# Function for encoding strings in-place

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Problem

I recently wrote a function that replaces every white space with ‘%20’, just for fun (and sharping my coding skills). The input string is terminated with extra white spaces, with the length that the string should have after encoding takes place. For example:

input = "Not encoded  " //2 white spaces in the end
output = "Not%20encoded"

Although I was able to implement such encoding in-place, I was still not pleased with the result, specially due to the inner loop that shifts the whole string to the right everytime a white space is found. Here is my solution, written in C#:

public string encode(string str)
{
var array = str.ToCharArray();
for (int i = 0; i < array.Length; i++) {
if (array[i] != ' ') continue;

//switch every char >> 2, from the end of the string to i
for (int j = array.Length - 1; j > i; j--) {
array[j] = array[j - 2];
}

array[i++] = '%';
array[i++] = '2';
array[i] = '0';
}
return new String(array);
}

I’m looking for a solution that operates in O(n), possibly performing a single traversal on the input string. Additional feedback on how to improve performance/readability of my function are always very appreciated ðŸ™‚

Solution

As strings are immutable you can’t really avoid intermediate store of the data as it’s being encoded.

As you already know the length of the final string you can avoid the shuffling:

int spaceCount = 0;
for (int i = str.Length - 1; str[i] == ' '; i--)
{
spaceCount++;
}
if (spaceCount == 0) { return str; }

var array = new char[str.Length];
int idx = 0;
for (int i = 0; i < str.Length - spaceCount; i++)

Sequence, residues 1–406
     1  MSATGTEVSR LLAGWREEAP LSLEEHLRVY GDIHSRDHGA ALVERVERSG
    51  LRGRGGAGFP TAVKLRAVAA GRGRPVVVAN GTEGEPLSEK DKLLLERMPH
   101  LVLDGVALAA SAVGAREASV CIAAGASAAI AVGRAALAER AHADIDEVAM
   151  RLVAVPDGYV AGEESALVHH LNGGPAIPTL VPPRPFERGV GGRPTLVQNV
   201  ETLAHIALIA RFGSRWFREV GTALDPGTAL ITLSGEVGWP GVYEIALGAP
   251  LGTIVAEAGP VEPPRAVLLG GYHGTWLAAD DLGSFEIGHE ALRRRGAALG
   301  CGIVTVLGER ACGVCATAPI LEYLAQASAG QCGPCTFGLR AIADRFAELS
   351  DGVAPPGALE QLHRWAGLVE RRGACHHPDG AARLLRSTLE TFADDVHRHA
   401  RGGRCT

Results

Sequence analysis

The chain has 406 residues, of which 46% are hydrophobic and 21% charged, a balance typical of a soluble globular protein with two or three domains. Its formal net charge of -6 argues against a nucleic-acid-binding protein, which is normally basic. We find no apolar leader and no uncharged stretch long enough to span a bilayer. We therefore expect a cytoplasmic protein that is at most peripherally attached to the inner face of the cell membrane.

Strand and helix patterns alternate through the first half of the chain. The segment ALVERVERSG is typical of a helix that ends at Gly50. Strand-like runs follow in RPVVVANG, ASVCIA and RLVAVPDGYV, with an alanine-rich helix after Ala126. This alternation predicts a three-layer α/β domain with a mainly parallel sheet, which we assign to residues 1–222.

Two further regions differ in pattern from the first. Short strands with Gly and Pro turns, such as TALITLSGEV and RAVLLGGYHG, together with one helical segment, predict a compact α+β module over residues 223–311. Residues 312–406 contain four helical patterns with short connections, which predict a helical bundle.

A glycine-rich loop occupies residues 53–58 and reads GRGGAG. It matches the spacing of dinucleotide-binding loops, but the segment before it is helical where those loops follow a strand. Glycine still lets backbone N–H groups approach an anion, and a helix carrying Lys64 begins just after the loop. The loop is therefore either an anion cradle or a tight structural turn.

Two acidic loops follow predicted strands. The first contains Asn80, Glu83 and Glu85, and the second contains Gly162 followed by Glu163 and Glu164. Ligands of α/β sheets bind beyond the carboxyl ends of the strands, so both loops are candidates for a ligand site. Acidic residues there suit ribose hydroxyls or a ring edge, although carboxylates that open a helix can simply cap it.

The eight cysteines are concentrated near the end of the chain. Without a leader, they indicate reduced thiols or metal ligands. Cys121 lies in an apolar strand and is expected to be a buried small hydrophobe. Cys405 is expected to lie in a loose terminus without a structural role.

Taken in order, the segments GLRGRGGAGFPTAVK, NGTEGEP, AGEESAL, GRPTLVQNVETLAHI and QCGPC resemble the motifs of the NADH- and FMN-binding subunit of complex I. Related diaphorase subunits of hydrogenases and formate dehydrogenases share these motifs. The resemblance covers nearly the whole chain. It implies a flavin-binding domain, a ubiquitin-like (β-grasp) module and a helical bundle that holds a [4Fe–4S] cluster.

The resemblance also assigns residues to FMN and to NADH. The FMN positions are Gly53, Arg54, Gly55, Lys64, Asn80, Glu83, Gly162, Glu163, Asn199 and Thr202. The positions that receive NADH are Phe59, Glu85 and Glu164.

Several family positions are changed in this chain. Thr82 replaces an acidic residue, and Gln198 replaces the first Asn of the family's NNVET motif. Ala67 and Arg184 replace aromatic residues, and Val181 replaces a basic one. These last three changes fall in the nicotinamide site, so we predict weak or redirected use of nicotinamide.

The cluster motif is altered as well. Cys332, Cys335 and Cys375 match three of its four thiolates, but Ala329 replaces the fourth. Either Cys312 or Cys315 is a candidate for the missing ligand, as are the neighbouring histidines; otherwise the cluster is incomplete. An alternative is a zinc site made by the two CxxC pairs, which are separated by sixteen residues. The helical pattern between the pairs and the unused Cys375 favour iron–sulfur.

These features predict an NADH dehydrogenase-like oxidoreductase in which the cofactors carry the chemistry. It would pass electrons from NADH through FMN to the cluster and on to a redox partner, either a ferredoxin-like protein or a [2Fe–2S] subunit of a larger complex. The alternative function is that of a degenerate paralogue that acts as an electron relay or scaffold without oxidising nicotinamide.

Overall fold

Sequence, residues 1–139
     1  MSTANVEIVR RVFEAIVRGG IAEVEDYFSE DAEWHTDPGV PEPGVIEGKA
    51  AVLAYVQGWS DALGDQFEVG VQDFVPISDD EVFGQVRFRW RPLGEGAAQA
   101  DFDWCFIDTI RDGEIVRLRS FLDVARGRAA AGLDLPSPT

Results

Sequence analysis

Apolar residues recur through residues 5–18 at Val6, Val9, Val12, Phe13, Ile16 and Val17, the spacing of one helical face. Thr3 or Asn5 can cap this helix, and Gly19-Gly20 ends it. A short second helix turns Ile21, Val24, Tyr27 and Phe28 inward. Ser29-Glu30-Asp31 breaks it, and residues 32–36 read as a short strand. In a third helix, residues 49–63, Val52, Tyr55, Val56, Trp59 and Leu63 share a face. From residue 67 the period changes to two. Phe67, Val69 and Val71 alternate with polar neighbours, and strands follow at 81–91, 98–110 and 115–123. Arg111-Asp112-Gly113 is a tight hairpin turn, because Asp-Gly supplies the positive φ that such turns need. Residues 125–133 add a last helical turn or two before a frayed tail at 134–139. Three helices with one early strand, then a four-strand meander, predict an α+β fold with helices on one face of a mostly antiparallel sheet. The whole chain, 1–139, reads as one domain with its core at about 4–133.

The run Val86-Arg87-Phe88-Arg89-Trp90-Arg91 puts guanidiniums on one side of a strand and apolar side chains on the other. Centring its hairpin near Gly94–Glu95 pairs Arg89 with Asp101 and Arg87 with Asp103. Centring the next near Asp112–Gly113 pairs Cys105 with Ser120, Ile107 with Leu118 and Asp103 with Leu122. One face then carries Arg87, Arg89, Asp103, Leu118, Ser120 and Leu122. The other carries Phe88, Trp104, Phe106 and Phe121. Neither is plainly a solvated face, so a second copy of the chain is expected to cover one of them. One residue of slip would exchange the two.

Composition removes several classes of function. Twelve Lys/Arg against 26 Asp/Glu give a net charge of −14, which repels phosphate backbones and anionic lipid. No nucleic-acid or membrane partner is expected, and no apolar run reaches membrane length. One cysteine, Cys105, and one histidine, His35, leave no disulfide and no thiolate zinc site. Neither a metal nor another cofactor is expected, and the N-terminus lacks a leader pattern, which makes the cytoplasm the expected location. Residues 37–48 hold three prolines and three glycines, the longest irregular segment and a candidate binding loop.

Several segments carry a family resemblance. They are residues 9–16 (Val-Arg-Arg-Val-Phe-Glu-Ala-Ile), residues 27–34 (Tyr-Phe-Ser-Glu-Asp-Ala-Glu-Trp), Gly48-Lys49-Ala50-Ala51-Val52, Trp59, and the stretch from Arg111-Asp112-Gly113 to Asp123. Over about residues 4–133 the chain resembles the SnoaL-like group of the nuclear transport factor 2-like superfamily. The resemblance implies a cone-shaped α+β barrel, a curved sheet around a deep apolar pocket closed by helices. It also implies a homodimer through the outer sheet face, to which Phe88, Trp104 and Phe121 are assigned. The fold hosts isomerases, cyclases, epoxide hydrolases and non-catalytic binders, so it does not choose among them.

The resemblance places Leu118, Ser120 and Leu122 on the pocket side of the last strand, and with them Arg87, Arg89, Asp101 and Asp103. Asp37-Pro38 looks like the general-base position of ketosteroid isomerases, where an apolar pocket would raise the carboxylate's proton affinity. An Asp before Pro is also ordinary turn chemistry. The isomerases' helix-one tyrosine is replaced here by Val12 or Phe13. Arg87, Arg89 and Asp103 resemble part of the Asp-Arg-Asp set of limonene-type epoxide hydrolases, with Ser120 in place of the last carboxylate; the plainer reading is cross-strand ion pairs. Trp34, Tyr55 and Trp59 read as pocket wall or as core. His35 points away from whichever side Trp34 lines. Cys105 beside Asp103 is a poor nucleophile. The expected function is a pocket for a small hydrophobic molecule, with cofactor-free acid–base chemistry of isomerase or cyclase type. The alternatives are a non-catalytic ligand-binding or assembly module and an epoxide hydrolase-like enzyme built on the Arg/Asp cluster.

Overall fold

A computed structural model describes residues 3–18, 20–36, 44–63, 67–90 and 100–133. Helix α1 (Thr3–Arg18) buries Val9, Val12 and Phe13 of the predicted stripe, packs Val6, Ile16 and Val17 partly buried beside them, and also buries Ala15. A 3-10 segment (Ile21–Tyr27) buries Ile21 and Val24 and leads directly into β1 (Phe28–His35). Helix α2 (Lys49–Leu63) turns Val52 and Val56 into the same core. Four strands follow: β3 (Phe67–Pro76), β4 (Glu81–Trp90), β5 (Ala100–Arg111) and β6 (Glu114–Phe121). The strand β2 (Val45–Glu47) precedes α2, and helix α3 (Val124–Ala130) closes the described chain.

{
var current = str[i];
if (current  == ' ')
{
array[idx++] = '%';
array[idx++] = '2';
array[idx++] = '0';
}
else
{
array[idx++] = current ;
}
}

var encoded = new string(array);

Space required is 2 * O(n) (array and final string) and time is 2 * O(n) (encoding string into array, building final string)

• copies the whole string twice (1. string.ToCharArray() 2. new string())
• needs n bytes of extra storage (apart from the input and output; n is the size of the output)
• potentially moves the characters in the string a lot (O(n2))
• requires the input to already have free space for the expansion

Solution using StringBuilder:

• copies the whole string twice (1. calls to Append() 2. StringBuilder.ToString())
• needs about n bytes of extra storage
• doesn’t need to move characters at all
• doesn’t require the input to be in any special format

Based on this, StringBuilder is clearly the better solution.

But there is even better solution: just use string.Replace(). That’s likely going to be quite efficient and it’s much shorter than any other of the proposed alternatives.

Here’s how I would do it (sans assertions/error checks):

private static string Encode(string input)
{
var output = new char[input.Length];
var i = 0;
var o = 0;

while (o < output.Length)
{
if (input[i] != ' ')
{
output[o++] = input[i++];
}
else
{
output[o++] = '%';
output[o++] = '2';
output[o++] = '0';
++i;
}
}

return new string(output);
}

It’s O(n) in both time and memory.

Using a StringBuilder doesn’t gain you much in this instance, because you know exactly how large your output will be (the same length as your input). It’s just a wrapper around a char[] anyway, so you’d end up with slightly slower code without any benefit.